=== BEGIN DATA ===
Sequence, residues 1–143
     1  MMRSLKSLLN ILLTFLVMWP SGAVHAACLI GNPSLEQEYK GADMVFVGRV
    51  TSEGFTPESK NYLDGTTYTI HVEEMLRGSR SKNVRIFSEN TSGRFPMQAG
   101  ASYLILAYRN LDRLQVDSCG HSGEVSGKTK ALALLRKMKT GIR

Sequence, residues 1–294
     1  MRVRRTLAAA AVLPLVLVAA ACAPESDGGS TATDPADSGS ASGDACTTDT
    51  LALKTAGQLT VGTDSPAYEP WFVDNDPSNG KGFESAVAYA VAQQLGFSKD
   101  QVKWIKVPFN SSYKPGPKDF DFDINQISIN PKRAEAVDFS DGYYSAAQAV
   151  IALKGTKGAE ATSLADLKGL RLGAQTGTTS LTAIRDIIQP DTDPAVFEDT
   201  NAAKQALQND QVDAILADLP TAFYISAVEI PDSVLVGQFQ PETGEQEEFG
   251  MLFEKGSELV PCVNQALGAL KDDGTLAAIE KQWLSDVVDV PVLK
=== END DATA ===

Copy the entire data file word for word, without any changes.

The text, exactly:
Sequence, residues 1–143
     1  MMRSLKSLLN ILLTFLVMWP SGAVHAACLI GNPSLEQEYK GADMVFVGRV
    51  TSEGFTPESK NYLDGTTYTI HVEEMLRGSR SKNVRIFSEN TSGRFPMQAG
   101  ASYLILAYRN LDRLQVDSCG HSGEVSGKTK ALALLRKMKT GIR

Sequence, residues 1–294
     1  MRVRRTLAAA AVLPLVLVAA ACAPESDGGS TATDPADSGS ASGDACTTDT
    51  LALKTAGQLT VGTDSPAYEP WFVDNDPSNG KGFESAVAYA VAQQLGFSKD
   101  QVKWIKVPFN SSYKPGPKDF DFDINQISIN PKRAEAVDFS DGYYSAAQAV
   151  IALKGTKGAE ATSLADLKGL RLGAQTGTTS LTAIRDIIQP DTDPAVFEDT
   201  NAAKQALQND QVDAILADLP TAFYISAVEI PDSVLVGQFQ PETGEQEEFG
   251  MLFEKGSELV PCVNQALGAL KDDGTLAAIE KQWLSDVVDV PVLK